Escaping from the garbage depot, WALL-E and EVE recruit various malfunctioning robots to aid them as they make their way to the holo-detector. The Captain, meanwhile, confronts Auto and activates the holo-detector. When Auto tries to close it, WALL-E jams his body inside to keep it open, which ultimately crushes him. Summoning the strength to stand unaided, the Captain deactivates Auto, allowing EVE to place the plant in the holo-detector and release the dying WALL-E. The Axiom makes its hyperjump to Earth and lands, whereupon EVE repairs and revives WALL-E with his spare parts. Unfortunately, his memory and personality appear to have been erased, reverting him to his original programming as an unfeeling trash compactor. Heartbroken, EVE takes WALL-E’s hand and gives him a farewell electric spark “kiss” which unexpectedly restores his memory. WALL-E and EVE happily reunite as the humans and robots place the plant in the ground, and begin working together to restore their home world.

Toy Story

  • Directors: John Lasseter, Supervising Technical Director, William Reeves
  • Producers: Bonnie Arnold, Ralph Guggenheim, Executive Producer, Ed Catmull, Steve Jobs
  • Writers: Story, John Lasseter, Pete Docter, Andrew Stanton, Joe Ranft, Screenplay, Joss Whedon, Andrew Stanton, Joel Cohen amp Alec Sokolow
  • Genres: Animation, Adventure, Comedy, Family, Fantasy
  • Actors: Tom Hanks, Tim Allen, Don Rickles, Jim Varney, Wallace Shawn, John Ratzenberger, Annie Potts, John Morris, Erik von Detten

Old-fashioned cowboy doll Woody is coordinating a reconnaissance mission around his owner Andy’s birthday party in the days before Andy’s family move to their new house. To Woody’s dismay, Andy receives a new action figure in the form of space ranger Buzz Lightyear, whose impressive features soon see Buzz replacing Woody as Andy’s favorite toy. Woody, the former de facto leader of Andy’s toys, is disappointed and resentful at his replacement. Meanwhile, Buzz does not understand that he is a toy, and believes himself to be an actual space ranger, seeing Woody as an interference in his ‘mission’.

Later, Woody wants to replace Buzz on a family outing. He intends to trap Buzz in a gap behind Andy’s desk, but the plan goes disastrously wrong and Buzz is knocked out the window. The other toys accuse Woody of attempting to murder Buzz out of jealousy, but are unable to punish him before Andy leaves the house with Woody for an outing at the space-themed Pizza Planet restaurant. Buzz sees Andy getting into his mother’s car with Woody and manages to climb aboard, and while Woody ponders how he can return to Andy’s room alone, Buzz confronts Woody while Andy’s mother refuels the car. The two end up fighting and accidentally land outside the car, which drives off and leaves the two stranded.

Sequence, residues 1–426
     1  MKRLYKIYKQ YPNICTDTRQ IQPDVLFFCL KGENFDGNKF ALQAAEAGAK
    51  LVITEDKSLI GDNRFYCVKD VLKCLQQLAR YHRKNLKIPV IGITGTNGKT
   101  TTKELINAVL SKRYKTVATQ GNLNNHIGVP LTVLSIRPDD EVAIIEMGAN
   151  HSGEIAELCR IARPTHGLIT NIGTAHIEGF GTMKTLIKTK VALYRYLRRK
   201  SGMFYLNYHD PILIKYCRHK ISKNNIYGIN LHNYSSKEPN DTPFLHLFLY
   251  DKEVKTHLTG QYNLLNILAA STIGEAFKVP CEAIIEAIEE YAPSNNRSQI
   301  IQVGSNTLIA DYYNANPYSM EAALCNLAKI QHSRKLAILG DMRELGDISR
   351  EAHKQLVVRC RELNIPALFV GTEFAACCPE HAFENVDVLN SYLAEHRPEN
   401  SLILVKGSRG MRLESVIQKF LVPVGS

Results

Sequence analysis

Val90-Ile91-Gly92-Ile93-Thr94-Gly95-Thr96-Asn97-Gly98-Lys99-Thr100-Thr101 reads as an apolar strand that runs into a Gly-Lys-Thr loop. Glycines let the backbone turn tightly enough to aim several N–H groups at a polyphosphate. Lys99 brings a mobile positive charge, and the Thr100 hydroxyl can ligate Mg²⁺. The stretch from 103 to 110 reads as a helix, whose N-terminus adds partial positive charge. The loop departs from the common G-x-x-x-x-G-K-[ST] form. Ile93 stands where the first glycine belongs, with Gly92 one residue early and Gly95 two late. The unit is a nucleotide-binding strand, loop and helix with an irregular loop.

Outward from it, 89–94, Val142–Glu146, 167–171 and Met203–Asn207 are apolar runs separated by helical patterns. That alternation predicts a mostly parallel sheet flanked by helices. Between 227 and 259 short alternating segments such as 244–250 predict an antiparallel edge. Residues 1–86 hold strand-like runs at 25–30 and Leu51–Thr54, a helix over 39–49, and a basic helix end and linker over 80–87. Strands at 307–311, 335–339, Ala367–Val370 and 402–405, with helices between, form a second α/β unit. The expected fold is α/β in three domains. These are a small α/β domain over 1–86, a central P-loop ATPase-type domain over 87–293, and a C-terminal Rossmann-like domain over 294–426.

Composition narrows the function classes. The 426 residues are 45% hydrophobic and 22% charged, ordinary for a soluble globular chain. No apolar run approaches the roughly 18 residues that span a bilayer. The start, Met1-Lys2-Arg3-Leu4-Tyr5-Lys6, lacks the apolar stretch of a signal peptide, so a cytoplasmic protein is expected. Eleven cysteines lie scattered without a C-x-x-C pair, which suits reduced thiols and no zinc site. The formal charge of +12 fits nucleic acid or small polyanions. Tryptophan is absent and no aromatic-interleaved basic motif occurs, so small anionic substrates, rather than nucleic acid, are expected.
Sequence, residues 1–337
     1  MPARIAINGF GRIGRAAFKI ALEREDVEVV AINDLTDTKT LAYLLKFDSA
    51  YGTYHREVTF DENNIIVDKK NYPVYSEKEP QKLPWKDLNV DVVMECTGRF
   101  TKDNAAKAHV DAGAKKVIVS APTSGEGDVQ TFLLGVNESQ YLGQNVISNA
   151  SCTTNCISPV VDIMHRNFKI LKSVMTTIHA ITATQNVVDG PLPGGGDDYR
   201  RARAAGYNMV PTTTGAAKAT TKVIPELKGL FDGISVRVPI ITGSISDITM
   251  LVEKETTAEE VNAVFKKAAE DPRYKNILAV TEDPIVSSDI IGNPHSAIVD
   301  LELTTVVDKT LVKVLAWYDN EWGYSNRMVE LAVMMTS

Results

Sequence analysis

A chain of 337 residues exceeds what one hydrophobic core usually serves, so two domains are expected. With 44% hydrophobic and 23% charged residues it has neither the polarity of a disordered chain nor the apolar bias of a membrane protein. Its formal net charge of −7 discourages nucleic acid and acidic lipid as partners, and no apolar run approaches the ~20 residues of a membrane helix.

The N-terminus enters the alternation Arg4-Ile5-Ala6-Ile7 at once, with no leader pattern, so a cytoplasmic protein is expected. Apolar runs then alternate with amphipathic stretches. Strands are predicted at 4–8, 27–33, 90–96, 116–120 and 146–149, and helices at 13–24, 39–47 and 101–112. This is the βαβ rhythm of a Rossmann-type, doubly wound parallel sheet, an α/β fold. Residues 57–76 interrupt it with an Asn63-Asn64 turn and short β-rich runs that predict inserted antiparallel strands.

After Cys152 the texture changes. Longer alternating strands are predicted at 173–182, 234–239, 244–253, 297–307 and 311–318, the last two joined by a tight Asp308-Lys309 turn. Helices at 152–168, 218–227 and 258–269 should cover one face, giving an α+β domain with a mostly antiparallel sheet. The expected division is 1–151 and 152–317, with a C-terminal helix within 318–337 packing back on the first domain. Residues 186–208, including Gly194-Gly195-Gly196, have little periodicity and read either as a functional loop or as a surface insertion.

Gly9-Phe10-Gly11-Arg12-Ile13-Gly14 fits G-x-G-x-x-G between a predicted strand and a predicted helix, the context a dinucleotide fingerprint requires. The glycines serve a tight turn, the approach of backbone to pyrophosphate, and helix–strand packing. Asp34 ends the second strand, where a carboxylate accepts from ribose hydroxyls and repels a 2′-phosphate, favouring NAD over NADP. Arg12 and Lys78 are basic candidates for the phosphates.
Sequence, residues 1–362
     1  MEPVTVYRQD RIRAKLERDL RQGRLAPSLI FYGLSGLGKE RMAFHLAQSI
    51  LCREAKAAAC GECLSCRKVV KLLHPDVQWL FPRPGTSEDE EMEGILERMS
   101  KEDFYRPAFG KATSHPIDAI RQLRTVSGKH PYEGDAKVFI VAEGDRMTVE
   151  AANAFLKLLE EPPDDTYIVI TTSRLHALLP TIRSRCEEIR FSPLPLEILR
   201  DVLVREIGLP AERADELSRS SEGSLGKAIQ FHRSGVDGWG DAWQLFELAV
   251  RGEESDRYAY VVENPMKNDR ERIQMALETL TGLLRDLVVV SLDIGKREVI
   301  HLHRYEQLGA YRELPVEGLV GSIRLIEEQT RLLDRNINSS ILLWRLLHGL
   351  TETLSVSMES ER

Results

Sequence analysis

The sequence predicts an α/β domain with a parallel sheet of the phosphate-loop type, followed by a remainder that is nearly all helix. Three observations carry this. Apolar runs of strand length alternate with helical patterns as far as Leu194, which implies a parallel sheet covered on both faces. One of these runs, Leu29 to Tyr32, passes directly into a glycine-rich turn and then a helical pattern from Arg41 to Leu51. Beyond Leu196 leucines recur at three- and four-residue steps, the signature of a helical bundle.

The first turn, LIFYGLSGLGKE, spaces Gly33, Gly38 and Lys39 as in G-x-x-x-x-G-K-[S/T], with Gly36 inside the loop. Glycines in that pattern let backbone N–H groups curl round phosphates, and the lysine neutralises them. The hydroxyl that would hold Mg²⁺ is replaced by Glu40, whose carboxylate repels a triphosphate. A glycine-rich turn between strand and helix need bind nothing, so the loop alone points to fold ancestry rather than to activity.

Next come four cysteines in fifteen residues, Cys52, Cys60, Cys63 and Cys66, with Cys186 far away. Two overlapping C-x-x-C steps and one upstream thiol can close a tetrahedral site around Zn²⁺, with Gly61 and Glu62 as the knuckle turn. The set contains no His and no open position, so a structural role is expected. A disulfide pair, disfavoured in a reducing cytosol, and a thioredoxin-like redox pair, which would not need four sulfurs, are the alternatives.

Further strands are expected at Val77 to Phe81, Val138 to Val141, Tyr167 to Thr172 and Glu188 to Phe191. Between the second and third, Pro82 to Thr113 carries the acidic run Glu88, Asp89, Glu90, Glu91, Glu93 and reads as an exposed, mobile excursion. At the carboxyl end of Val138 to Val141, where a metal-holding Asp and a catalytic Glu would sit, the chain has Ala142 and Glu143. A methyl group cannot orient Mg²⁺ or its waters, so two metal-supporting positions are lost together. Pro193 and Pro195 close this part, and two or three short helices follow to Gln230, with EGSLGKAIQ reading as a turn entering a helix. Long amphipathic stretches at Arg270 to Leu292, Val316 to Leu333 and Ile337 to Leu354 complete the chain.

Climbing onto the removalist’s van, they attract the attention of Scud. Buzz sacrifices himself to save Woody by tackling the dog. Woody attempts to rescue Buzz with Andy’s radio-controlled car. The other toys in the moving van mistakenly believe Woody is attempting to get rid of another toy, and toss Woody onto the road with Buzz. With the toy car’s batteries depleted, Woody then realizes that he can ignite Buzz’s rocket, and all three toys make their way back to Andy safely, but not before the other toys realize their error. At Christmas, a reconciled Buzz and Woody stage another reconnaissance mission to prepare for the new toy arrivals. Both are surprised to see Andy’s biggest gift—a puppy.

Ratatouille

  • Directors: Brad Bird, Jan Pinkava
  • Producers: Brad Lewis, John Lasseter, Andrew Stanton, Galyn Susman
  • Writers: Jan Pinkava, Jim Capobianco, Brad Bird, Emily Cook, Kathy Greenberg, Bob Peterson
  • Genres: Animation, Comedy, Family
  • Actors: Patton Oswalt, Lou Romano, Peter Sohn, Brad Garrett, Ian Holm, Brian Dennehy, Janeane Garofalo, Peter O Toole

Remy is an irregular rat who lives in the attic of a French country home with his brother Emile and a pack led by his father Django. Gifted with a keen sense of smell and taste, Remy aspires to be a gourmet chef, inspired by France’s recently deceased top chef, Auguste Gusteau, but instead he is put to work sniffing for rat poison. When the pack is discovered by the home’s occupant, they flee into the sewers; Remy is separated and ends up aground underneath Gusteau’s restaurant in Paris.

Led by his imagination of Gusteau, Remy goes to the kitchen skylight to watch the kitchen in action during a service. There, he observes Alfredo Linguini, the son of Gusteau’s former lover, being hired as a janitor by Skinner, the restaurant’s current owner and Gusteau’s former sous-chef. When Linguini spills some of the soup and attempts to recreate it using random ingredients, Remy is horrified and falls into the kitchen; instead of escaping, Remy attempts to correct the soup. Remy is caught by Linguini just as Linguini is caught by Skinner, but before anyone can stop the serving staff, the soup is served and found to be a success. Colette, the staff’s only female chef, convinces Skinner to retain Linguini, believing him to be the success behind the soup. Linguini takes Remy home, realizing he cannot kill him as instructed by Skinner as Remy was the “little chef” that made the soup.

Gusteau’s restaurant is closed a short time later after a health inspector discovered the rats in the kitchen. Though Ego’s reputation is tarnished on reviewing a restaurant plagued with rats, he eagerly funds a popular new bistro, “La Ratatouille”, run by Linguini and Colette, featuring diner areas for both humans and rats and a kitchen designed for Remy to continue to cook in.